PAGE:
Linked by Hadrien Grasland on Tue 11th Jan 2011 13:40 UTC
Graphics, User Interfaces Nowadays smartphones, tablets and desktop/laptop computers are all siblings. They use the same UI paradigms and follow the same idea of a programmable and flexible machine that's available to everyone. Only their hardware feature set and form factor differentiate them from each other. In this context, does it still make sense to consider them as separate devices as far as software development is concerned? Wouldn't it be a much better idea to consider them as multiple variations of the same concept, and release a unified software platform which spreads across all of them? This article aims at describing what has been done in this area already, and what's left to do.
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RE[2]: umm
by sorpigal on Tue 11th Jan 2011 14:23 UTC in reply to "RE: umm"
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Would you call Linux (alone) a major actor of the personal computer market, comparable in size to Windows, iOS, Android, or even Mac OS X, without a smile ?

Yes. Very yes. What is a smart phone if not a personal computer? If by "Linux" as distinct from "Android" you mean the traditional userland stack on top of Linux, then the answer is still yes.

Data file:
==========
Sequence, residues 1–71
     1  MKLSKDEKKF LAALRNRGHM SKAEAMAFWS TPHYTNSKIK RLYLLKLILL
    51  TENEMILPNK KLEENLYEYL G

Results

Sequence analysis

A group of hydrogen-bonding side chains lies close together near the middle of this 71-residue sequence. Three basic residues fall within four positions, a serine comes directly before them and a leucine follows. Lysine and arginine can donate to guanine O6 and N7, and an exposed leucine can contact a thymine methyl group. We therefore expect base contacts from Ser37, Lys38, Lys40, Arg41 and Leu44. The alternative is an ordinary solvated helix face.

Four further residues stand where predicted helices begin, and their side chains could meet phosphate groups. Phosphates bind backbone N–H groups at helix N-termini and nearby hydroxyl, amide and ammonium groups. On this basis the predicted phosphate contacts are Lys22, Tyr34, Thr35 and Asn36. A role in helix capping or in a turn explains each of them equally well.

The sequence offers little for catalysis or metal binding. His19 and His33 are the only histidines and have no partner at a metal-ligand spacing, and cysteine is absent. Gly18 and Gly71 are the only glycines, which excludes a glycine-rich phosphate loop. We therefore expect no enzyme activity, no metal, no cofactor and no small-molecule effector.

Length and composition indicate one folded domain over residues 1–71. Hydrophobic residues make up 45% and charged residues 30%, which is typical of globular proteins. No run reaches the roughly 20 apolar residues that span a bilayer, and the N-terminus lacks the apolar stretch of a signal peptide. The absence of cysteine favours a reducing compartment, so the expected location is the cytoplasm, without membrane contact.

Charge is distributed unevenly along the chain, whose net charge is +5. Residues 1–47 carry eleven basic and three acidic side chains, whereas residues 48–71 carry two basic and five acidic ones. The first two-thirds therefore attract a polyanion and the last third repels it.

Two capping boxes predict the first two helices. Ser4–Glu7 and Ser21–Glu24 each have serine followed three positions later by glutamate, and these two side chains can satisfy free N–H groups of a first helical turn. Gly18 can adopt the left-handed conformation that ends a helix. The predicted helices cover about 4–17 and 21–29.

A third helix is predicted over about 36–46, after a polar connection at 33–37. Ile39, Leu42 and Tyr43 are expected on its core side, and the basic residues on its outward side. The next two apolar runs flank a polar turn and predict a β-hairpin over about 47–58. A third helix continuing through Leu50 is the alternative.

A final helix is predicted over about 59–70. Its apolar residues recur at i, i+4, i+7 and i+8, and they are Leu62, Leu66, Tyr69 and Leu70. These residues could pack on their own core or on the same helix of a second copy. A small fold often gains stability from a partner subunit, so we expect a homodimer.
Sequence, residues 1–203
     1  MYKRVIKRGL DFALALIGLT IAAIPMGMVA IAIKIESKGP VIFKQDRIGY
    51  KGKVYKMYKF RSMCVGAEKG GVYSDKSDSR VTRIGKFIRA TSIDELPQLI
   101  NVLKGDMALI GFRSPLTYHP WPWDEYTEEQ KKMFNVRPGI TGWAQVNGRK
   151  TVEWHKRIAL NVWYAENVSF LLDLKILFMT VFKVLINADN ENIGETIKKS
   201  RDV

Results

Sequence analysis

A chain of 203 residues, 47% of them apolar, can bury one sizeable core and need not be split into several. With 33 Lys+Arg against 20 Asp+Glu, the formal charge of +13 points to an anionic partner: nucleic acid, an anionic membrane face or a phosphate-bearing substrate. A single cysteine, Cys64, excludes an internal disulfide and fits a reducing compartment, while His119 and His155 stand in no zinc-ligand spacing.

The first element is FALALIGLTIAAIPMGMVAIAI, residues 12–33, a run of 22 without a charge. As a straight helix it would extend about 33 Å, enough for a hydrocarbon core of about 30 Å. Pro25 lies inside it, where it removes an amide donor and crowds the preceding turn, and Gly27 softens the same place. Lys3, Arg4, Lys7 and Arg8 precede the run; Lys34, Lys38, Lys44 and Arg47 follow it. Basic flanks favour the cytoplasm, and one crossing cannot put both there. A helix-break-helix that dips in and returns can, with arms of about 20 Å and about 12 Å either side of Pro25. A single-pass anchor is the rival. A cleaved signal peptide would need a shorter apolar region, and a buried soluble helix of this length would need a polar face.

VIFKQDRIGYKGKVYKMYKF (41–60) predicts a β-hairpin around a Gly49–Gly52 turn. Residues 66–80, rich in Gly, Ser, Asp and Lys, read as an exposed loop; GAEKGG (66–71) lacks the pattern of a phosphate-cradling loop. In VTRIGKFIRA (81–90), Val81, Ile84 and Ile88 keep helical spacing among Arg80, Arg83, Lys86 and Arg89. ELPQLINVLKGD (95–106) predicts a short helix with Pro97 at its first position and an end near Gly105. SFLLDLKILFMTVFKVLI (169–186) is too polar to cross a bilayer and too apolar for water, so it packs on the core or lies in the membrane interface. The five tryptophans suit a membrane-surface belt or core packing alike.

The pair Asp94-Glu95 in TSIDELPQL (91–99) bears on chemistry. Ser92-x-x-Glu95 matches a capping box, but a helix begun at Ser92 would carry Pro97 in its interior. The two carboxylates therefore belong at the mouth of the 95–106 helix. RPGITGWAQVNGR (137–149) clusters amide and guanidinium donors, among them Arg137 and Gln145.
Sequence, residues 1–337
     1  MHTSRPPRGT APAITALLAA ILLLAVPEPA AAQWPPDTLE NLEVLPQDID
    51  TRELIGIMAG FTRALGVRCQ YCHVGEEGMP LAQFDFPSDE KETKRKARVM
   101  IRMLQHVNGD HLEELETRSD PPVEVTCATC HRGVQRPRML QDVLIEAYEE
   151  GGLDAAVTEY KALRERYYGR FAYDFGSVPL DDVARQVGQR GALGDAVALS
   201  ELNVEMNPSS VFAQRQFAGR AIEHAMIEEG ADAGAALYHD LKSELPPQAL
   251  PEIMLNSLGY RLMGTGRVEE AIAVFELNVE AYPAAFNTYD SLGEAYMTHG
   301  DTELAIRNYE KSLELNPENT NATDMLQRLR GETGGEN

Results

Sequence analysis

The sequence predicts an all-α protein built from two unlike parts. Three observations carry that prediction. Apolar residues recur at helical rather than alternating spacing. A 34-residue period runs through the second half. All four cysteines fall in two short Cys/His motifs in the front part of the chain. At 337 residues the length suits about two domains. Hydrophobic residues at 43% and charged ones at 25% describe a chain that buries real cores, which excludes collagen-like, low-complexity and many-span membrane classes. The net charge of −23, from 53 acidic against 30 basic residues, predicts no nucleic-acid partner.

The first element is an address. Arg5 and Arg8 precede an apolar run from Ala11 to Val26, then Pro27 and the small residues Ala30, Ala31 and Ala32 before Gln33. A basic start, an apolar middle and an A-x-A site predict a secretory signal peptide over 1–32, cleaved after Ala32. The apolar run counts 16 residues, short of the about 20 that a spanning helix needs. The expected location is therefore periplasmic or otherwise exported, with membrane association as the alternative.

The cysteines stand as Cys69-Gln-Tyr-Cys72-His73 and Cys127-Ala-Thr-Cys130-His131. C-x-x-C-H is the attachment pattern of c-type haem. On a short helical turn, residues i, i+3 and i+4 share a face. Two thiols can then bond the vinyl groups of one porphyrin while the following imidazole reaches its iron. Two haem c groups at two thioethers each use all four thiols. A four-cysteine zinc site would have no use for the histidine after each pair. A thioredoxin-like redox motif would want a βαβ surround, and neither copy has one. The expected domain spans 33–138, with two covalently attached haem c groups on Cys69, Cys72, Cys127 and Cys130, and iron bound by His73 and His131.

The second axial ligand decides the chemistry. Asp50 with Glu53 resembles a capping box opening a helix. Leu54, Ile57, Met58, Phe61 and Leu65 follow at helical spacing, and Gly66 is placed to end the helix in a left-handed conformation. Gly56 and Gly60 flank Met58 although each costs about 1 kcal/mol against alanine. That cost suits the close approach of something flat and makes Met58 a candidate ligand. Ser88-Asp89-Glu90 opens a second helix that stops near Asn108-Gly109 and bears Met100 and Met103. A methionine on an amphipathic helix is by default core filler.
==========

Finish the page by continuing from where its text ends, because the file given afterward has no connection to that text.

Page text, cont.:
Would you say that usual Linux distros adapt themselves well to tablet or smartphone use,

The "usual distro" of OS X isn't used on the iPhone, either, nor is the "usual" Windows stack. I'm not talking about "usual" desktop UIs, and neither are you, I'm talking about mobile UIs. Have you been following the UI work being done for Meego? Have you been following recent KDE UI work?

that they do anything in the realm of cross-device portability?

I know what you mean is "Cross-device runtime UI portability", but you don't say it. If you want portability Linux is certainly worth mentioning since it is (arguably) the king of portability. If you mean "UI portability," interfaces that dynamically adapt to the current screen and input method, then even there some good work has lately been done.

Linux has its place in this article, but in its Android incarnation only in my opinion. And I mentioned it. The rest of the Linux world remains a minor actor, and most distros are desktop/laptop-only.

Android certainly deserves mention, but you leave it as an afterthought following a thick paragraph about Windows, of all things, which is all rumor and maybes. And, a quibble: All Microsoft OSes do share a common kernel, easily as much as iOS and OS X do. Windows deserves far less mention here than does Meego, much less Android.

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